6 Modern Modular Homes We Love in Colorado

From repurposed shipping containers to cabin retreats, we look at a range of prefabricated, modular homes in Colorado.

Boasting a thrilling topography that ranges from deep canyons to alpine mountains, and arid plains to rolling dunes, the state of Colorado offers an equally broad variety of modern, weather-appropriate prefab homes. Here, we review some of our favorite modular homes in this outdoorsy destination.

TrailerWrap by University of Colorado Students & Michael Hughes

Michael Hughes and his University of Colorado collaborators transformed a 10-by-47-foot trailer destined for the landfill into the striking TrailerWrap “rehab” prototype.
Colorado Modular Homes, along with their partner company, Rocky Mountain Home Builders, specializes in custom high-quality modular homes in Colorado. By using several different off-site construction methods, the company is able to provide homeowners with a range of styles and finishes, depending on the level of customization.

Colorado Modular Homes, along with their partner company, Rocky Mountain Home Builders, specializes in custom, high-quality modular homes in Colorado. By using several different off-site construction methods, the company is able to provide homeowners with a range of styles and finishes, depending on the level of customization.

Colorado Modular Homes

This mountain cabin by Liscott Custom Homes was designed as a three-bedroom, 3 bathroom custom build home for a family in Silverthorne, Colorado. At 2,400 square feet, the home is clad in contrasting horizontal and board and batten siding coated in a dark blue-gray finish.

This mountain cabin by Liscott Custom Homes was designed as a three-bedroom, three-bath custom home for a family in Silverthorne, Colorado. Measuring 2,400 square feet, the home is clad in contrasting horizontal and board and batten siding coated in a dark, blue-gray finish.

Courtesy of Liscott Custom Homes

Within the 1500 square feet of this residence, the Denver, Colorado-based architecture firm Tomecek Studio implemented environmentally sensitive strategies including recycled materials, green roofs and photovoltaics. The residence is anchored by an existing rock outcropping and takes full advantage of the distant ridge views to the south. The main floor includes two shipping containers that saddlebag a wedge shaped space. The containers hold the function of bedrooms, bath, office, laundry and kitchen while the center space is used for entry, dining, and living. The upper floor is an open loft with a platform bed that slides on tracks outdoors as a reference to the quintessential camping experience.

Within the 1500 square feet of this residence, the Denver, Colorado-based architecture firm Tomecek Studio implemented environmentally sensitive strategies including recycled materials, green roofs, and photovoltaics. The residence is anchored by an existing rock outcropping and takes full advantage of the distant ridge views to the south. The main floor includes two shipping containers that saddlebag a wedge-shaped space. The containers hold the function of bedrooms, bath, office, laundry, and kitchen, while the center space is used for entry, dining, and living. The upper floor is an open loft with a platform bed that slides on tracks outdoors as a reference to the quintessential camping experience.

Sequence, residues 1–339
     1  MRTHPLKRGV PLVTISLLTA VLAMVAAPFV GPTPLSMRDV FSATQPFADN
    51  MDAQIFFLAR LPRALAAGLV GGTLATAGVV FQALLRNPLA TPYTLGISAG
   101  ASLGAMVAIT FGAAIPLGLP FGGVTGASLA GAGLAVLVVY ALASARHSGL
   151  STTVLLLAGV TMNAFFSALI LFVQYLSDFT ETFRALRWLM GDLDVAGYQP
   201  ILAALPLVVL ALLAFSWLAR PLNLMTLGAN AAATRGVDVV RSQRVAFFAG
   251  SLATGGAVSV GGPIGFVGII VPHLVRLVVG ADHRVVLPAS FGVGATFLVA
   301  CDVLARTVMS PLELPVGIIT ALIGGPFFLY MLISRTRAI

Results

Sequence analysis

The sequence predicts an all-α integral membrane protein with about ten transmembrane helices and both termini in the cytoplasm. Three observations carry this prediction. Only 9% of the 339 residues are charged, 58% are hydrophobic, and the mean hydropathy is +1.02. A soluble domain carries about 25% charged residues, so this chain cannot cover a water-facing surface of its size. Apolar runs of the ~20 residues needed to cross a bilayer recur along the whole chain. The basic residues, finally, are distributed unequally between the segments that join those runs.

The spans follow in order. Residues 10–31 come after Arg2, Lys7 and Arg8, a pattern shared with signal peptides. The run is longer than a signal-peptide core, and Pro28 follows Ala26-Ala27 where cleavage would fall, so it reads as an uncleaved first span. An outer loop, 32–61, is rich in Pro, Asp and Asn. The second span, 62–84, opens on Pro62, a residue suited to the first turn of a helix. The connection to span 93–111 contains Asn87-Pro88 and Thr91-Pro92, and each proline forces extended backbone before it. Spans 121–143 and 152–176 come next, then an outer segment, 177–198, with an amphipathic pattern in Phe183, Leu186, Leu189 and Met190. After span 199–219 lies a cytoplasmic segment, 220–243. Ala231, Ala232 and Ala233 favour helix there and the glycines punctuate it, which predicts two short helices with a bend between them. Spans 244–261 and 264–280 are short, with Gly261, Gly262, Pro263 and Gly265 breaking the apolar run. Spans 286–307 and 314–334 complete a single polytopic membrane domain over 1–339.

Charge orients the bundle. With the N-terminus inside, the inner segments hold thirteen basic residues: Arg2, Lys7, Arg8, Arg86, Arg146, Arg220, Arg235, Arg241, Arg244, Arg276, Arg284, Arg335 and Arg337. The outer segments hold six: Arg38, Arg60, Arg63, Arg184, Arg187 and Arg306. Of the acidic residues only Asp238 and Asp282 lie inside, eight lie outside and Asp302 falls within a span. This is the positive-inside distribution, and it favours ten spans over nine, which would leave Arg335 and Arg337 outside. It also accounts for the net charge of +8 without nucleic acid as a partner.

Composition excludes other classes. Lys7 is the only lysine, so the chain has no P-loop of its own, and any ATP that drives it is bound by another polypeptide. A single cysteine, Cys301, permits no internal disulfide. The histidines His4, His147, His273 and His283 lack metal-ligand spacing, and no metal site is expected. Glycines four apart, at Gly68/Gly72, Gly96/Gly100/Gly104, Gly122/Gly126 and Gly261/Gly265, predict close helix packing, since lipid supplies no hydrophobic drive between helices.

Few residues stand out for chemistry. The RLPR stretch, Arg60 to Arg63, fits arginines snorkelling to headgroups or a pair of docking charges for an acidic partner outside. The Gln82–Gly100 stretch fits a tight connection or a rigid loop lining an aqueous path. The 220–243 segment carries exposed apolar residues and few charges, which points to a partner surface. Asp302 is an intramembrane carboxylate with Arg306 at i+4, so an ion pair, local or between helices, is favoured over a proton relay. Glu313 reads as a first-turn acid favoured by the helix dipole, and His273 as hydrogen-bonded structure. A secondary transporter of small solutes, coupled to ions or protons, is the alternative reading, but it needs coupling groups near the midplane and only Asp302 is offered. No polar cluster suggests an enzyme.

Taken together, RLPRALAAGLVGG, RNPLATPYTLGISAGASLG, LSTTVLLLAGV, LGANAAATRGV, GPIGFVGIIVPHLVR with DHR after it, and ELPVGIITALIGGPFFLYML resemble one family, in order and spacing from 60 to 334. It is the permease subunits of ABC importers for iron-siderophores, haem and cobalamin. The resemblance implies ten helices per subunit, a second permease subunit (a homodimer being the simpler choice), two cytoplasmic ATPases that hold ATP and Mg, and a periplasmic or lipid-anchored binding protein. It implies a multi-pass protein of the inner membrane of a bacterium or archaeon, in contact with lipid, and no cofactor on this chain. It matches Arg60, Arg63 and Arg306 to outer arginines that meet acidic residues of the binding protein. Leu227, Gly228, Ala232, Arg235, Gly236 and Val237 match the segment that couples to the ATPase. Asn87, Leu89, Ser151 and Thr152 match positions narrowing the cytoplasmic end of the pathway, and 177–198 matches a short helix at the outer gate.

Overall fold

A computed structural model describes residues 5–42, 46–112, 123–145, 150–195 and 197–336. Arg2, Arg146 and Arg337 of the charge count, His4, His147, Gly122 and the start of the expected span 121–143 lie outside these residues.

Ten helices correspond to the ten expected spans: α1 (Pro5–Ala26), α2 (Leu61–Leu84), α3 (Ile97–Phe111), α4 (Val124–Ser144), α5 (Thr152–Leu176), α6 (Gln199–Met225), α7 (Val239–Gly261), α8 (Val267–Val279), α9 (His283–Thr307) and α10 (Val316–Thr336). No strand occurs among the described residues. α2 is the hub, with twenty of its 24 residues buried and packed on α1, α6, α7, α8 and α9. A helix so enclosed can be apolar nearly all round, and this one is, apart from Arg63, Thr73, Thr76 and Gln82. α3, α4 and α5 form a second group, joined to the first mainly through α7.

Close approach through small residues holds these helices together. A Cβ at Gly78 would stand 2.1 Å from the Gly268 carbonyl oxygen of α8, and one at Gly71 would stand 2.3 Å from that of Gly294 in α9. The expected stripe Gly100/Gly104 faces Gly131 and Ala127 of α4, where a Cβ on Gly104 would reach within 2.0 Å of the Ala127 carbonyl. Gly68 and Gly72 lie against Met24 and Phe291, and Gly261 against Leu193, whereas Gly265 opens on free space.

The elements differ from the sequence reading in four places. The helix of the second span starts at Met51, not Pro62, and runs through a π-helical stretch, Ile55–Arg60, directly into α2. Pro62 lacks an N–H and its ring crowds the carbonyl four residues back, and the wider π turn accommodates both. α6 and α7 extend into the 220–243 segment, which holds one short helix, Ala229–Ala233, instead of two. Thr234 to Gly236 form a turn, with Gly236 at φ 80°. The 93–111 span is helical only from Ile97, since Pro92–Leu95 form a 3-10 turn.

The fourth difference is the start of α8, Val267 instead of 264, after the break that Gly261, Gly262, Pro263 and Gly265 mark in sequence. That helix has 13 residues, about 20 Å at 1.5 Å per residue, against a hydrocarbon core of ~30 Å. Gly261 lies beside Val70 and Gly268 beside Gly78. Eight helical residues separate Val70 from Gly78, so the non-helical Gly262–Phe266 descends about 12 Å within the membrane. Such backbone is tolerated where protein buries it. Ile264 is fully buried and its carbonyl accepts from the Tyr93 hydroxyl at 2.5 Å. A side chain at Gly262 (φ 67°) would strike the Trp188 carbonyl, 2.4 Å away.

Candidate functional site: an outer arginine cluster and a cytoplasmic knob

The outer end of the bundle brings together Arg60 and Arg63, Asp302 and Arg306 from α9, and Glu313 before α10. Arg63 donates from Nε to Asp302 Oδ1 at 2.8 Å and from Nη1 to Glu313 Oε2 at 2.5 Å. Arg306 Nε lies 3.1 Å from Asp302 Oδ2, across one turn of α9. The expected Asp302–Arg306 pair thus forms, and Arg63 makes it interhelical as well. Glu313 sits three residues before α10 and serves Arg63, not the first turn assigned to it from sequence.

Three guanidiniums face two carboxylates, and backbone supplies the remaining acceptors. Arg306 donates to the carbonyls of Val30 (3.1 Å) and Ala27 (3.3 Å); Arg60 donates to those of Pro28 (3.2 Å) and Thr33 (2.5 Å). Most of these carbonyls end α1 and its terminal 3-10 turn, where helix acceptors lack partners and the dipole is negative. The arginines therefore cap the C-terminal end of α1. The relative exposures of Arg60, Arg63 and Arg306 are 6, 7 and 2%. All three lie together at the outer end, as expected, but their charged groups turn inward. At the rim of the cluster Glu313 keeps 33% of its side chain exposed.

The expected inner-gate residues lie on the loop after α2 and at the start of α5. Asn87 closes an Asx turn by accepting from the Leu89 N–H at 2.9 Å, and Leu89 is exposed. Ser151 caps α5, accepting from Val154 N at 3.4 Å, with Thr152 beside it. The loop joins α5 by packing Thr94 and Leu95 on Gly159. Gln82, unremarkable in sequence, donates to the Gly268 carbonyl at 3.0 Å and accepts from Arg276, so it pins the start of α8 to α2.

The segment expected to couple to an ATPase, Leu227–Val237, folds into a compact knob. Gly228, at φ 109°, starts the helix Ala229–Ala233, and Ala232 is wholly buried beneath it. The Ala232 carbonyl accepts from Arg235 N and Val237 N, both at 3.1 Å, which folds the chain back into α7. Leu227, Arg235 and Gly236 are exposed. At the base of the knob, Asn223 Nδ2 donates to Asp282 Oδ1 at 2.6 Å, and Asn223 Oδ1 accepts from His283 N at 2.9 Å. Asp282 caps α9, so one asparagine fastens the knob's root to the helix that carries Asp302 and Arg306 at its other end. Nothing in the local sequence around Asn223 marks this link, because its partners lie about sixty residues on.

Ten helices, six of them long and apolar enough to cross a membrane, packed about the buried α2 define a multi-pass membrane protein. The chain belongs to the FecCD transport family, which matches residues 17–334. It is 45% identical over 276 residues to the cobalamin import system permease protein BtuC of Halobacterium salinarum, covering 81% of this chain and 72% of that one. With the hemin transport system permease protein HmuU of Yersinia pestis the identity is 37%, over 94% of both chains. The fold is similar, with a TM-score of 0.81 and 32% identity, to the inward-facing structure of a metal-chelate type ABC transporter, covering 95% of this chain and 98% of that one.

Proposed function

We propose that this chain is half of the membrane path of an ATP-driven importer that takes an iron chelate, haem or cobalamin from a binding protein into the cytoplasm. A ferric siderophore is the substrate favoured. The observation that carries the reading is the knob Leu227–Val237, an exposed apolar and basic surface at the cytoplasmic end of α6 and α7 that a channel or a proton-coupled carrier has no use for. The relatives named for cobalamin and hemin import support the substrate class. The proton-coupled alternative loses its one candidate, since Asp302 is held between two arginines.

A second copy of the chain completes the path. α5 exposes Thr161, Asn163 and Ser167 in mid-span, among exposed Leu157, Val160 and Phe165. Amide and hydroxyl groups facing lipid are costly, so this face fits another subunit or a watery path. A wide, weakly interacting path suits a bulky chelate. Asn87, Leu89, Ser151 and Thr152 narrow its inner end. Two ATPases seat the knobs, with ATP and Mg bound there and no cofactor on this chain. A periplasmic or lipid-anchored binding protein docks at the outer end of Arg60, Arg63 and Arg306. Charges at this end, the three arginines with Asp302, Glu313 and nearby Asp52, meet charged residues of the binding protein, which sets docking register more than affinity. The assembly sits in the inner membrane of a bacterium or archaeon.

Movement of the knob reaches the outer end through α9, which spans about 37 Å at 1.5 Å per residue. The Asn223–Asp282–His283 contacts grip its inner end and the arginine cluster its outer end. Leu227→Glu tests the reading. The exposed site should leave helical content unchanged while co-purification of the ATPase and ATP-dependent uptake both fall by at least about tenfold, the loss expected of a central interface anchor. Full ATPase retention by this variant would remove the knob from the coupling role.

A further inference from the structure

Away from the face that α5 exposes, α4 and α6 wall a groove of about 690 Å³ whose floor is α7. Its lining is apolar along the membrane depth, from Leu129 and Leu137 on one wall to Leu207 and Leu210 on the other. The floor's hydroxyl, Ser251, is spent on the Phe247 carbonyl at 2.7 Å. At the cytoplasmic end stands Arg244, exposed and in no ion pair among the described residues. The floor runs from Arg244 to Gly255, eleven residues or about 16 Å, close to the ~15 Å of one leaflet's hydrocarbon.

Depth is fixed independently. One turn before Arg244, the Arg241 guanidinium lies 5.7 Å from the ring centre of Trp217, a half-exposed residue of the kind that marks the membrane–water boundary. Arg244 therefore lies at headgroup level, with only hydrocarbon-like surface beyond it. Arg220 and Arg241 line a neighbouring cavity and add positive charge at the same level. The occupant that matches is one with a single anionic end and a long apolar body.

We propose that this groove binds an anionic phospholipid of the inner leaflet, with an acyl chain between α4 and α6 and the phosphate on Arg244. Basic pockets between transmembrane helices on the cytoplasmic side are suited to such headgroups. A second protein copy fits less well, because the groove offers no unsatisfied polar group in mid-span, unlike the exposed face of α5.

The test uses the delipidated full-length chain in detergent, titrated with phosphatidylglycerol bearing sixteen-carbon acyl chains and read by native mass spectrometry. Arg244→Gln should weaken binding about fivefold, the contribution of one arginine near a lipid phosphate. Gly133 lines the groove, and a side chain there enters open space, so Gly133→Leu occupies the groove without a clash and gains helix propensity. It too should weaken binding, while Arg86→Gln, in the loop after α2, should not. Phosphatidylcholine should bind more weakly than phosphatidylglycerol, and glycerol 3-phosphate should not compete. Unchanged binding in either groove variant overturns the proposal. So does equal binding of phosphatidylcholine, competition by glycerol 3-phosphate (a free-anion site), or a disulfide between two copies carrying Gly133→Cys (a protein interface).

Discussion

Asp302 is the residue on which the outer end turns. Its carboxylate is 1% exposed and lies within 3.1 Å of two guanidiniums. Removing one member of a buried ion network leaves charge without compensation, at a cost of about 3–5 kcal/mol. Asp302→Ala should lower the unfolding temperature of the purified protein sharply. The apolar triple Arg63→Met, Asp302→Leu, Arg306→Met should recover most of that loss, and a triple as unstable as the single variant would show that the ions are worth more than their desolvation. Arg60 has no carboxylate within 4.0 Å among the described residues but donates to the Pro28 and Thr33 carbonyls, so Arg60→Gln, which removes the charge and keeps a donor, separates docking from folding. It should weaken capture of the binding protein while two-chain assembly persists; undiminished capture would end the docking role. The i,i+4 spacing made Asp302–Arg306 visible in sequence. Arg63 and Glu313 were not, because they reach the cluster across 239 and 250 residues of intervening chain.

Braden Gunem

Siting closely within the surrounding pine forest, the Weehouse designed by Alchemy Architects and constructed by Irontown Homes rest only one half hour up the mountain from Boulder, CO.The tight driveway and secluded mountainside locale created an interesting delivery in which the modules were lifted by crane over the treetops and set into place. The pre-finished steel siding has been joined by a special fire protective shell due to lying in a high risk fire zone. The plethora of windows allow for natural sunlight to illuminate the warm, open interior.

Siting closely within the surrounding pine forest, the Weehouse designed by Alchemy Architects and constructed by Irontown Homes rest only one half hour up the mountain from Boulder, Colorado. The tight driveway and secluded mountainside locale created an interesting delivery in which the modules were lifted by crane over the treetops and set into place. The pre-finished steel siding has been joined by a special fire-protective shell due to lying in a high-risk fire zone. The plethora of windows allow for natural sunlight to illuminate the warm, open interior.

Courtesy of Alchemy Architects

The Outward Bound cabins' steel frames lift the structures above a three-foot snowpack while supporting corrugated-steel "snow roofs."

The Outward Bound cabins, designed by the University of Colorado Denver’s design-build program, have steel frames that lift the structures above a three-foot snowpack while supporting corrugated-steel “snow roofs.” The 14 cabins have prefabricated structures to reduce on-site build time.

Photo: Jesse Kuroiwa

Based in Poncha Springs, Colorado, Great Western Homes designs and builds a range of homes that have a modern, rustic edge. By mixing materials -- wood, weathered steel, and a standing seam metal roof, this residence is a modern take on a classic cabin, with steeply pitched roofs for shedding snow.

Based in Poncha Springs, Colorado, Great Western Homes designs and builds a range of homes that have a modern, rustic edge. By mixing materials—wood, weathered steel, and a standing seam metal roof—this residence is a modern take on a classic cabin, with steeply pitched roofs for shedding snow.

Courtesy of Great Western Homes

Source: Dwell

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